Journal article Open Access
Botezatu, Adriana; Bodrug, Nicolae; Istrate, Viorel
Background: Independent risk factors for chronic atrophic gastritis, gastric intestinal metaplasia and gastric cancer are: Helicobacter pylori infection (especially virulent CagA strains), genetic factors (advanced age, reflecting the duration of Helicobacter pylori infection, male gender, family history of gastric cancer in first-degree relatives), gastric ulcer, biliary reflux, acute or chronic gastric inflammation, smoking, alcohol consumption, prolonged use of proton pump inhibitors or non-steroidal anti-inflammatory drugs, diet low in fruits, vegetables and vitamin C, excessive salt intake and consumption of canned foods with salt). Helicobacter pylori infection and inflammatory cells induce the expression of inducible nitric oxide synthase in the gastroduodenal mucosa, which causes various clinical lesions (duodenal ulcer, gastric ulcer and chronic gastritis without ulcer). Another important condition associated with Helicobacter pylori infection is gastric cancer. Overproduction of nitric oxide, through inducible nitric oxide synthase and oxidative stress, is a genotoxic and mutagenic metabolism which plays a crucial role in the process of gastric carcinogenesis.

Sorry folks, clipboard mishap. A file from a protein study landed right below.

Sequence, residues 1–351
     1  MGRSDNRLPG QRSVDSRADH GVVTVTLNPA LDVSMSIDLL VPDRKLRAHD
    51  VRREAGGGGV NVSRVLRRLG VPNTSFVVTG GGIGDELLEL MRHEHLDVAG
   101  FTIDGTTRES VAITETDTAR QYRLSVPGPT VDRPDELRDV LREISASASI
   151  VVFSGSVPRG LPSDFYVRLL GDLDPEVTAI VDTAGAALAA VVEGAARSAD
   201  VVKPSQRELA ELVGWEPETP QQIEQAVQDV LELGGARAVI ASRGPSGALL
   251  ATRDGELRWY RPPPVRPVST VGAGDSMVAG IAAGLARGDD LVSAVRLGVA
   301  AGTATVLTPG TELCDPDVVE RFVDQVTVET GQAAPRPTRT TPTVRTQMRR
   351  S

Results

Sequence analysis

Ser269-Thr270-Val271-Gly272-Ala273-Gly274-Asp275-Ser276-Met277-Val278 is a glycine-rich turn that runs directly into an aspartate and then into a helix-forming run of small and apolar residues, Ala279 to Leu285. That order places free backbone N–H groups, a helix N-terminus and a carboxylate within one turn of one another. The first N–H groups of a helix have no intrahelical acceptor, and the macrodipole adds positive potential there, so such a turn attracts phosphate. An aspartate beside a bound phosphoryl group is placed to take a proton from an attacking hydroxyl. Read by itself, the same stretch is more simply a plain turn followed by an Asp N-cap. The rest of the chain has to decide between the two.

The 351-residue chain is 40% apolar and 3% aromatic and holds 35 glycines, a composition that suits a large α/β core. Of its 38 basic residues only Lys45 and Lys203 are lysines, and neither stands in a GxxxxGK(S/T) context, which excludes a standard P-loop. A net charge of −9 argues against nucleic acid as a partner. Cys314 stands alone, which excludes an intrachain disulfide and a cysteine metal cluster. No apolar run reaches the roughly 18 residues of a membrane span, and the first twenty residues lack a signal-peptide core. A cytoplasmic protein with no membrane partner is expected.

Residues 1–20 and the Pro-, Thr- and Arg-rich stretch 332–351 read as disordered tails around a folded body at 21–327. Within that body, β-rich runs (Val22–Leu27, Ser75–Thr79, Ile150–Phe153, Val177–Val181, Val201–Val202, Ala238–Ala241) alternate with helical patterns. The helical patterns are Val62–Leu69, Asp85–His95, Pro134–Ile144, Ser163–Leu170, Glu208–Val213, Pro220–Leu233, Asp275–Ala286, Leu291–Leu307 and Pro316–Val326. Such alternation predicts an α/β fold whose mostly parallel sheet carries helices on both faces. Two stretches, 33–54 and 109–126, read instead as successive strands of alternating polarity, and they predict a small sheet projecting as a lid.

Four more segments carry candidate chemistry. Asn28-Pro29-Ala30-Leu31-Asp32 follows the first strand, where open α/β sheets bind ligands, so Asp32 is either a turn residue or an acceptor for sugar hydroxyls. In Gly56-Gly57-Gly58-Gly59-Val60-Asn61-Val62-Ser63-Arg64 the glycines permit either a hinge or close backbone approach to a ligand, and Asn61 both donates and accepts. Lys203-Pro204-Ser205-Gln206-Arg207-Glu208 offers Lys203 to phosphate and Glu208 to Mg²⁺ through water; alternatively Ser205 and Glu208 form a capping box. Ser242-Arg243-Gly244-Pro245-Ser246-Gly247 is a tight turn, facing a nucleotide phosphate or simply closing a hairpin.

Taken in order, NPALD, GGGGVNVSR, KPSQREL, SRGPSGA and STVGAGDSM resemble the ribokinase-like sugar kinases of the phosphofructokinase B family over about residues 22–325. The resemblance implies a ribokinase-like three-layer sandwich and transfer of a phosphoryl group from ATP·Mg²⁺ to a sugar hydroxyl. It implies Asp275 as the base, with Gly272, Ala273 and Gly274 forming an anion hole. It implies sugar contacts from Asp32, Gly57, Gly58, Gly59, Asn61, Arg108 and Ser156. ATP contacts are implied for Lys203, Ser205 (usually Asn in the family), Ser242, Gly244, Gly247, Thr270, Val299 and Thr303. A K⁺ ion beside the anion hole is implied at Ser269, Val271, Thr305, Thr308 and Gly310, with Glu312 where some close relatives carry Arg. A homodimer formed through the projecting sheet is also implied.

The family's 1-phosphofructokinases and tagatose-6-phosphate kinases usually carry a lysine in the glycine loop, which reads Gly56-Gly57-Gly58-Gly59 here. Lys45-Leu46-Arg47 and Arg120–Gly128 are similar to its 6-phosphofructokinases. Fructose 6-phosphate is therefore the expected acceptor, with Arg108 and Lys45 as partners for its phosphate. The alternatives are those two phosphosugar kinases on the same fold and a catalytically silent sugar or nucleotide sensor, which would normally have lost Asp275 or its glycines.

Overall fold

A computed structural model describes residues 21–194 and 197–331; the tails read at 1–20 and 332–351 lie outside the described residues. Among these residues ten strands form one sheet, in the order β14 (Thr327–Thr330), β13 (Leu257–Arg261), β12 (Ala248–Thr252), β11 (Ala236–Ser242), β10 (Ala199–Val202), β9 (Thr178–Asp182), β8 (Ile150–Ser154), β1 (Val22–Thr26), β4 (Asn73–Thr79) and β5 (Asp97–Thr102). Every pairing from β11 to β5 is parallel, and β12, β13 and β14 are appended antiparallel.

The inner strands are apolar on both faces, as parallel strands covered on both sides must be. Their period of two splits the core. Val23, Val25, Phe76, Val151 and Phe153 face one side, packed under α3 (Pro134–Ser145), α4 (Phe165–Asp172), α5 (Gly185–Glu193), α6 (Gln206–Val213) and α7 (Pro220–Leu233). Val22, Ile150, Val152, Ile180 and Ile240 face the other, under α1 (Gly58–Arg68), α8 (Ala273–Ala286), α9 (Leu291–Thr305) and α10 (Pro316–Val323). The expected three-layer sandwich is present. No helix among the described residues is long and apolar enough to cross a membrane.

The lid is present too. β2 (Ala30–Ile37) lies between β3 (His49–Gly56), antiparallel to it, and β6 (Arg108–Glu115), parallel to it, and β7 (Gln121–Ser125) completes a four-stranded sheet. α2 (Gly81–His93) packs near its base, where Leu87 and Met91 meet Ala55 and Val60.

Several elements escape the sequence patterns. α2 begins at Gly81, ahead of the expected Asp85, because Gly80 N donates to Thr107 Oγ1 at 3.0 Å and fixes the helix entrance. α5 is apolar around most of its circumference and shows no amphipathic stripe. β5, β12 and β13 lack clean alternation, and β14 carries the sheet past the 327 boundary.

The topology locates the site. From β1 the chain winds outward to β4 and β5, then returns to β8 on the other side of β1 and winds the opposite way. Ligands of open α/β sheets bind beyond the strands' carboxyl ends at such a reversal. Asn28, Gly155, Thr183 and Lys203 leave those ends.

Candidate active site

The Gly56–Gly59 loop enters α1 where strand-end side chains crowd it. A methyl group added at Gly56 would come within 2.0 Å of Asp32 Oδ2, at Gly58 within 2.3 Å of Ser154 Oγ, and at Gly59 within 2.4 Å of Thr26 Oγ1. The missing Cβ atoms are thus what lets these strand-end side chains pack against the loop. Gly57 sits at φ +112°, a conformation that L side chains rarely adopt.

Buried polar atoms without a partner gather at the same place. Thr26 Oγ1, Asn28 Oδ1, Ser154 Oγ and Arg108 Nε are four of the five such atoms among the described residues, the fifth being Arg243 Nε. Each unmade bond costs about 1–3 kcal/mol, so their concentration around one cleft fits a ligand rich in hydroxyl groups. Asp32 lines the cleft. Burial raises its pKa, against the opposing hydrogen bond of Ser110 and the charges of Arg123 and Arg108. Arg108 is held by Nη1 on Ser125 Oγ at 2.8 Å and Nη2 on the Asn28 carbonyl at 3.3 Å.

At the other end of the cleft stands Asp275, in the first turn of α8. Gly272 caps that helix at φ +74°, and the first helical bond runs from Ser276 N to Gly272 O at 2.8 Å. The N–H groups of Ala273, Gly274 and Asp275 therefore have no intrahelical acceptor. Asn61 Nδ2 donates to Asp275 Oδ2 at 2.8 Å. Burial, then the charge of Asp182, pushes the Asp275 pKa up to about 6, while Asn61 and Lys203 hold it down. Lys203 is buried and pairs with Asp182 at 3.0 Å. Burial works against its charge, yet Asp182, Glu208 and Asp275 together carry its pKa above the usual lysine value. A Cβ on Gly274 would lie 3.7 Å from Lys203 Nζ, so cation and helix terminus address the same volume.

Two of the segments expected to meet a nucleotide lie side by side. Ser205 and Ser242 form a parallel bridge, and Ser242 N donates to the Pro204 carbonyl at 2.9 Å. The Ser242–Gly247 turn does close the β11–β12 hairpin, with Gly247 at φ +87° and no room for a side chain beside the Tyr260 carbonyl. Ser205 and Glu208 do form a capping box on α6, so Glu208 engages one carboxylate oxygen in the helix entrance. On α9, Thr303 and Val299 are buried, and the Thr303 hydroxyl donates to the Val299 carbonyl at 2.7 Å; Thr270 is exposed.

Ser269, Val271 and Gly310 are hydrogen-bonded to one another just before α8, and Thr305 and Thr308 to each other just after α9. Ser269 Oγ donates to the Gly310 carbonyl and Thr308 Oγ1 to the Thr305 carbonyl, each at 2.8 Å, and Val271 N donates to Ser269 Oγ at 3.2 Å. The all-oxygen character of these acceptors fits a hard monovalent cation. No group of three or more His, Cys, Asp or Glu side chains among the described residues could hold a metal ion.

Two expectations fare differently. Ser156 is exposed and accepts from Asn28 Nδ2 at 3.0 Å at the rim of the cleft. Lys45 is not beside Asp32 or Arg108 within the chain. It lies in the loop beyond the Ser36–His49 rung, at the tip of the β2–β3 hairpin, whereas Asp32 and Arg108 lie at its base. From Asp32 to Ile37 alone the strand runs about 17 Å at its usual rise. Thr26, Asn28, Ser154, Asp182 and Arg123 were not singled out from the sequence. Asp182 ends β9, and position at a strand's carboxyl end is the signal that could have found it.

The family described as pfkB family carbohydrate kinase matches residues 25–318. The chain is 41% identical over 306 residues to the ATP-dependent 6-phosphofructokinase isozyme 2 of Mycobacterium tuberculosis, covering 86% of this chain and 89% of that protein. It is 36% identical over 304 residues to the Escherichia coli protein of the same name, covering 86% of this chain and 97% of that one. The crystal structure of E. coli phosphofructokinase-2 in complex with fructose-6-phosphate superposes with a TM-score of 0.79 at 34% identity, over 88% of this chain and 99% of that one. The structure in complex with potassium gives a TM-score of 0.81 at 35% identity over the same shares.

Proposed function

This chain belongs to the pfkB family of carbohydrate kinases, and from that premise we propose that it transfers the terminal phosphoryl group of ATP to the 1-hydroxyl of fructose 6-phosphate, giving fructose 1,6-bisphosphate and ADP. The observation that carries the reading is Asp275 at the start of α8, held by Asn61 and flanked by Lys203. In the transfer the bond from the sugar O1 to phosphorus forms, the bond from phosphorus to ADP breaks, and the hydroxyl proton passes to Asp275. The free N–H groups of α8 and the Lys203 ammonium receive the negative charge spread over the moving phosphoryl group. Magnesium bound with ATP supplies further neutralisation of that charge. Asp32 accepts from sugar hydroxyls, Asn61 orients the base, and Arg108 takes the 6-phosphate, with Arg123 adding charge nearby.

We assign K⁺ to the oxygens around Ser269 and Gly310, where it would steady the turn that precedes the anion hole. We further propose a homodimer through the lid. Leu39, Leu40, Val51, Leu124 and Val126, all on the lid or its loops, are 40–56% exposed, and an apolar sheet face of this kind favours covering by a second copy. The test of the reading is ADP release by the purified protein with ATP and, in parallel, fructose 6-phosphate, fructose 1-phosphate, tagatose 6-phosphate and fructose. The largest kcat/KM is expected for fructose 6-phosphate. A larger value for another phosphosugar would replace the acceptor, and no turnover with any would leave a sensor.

Conclusions: Chronic atrophic gastritis is considered a multifaceted condition because it can manifest itself through a variable spectrum of nonspecific gastric and extra-gastric symptoms, with an overlap of the clinical features of the two entities of chronic atrophic gastritis – autoimmune and associated with Helicobacter pylori infection. Thus, in contrast to the classic perception of a silent condition, patients with chronic atrophic gastritis report a wide range of gastrointestinal symptoms, ranging from dyspeptic symptoms to those of gastroesophageal reflux.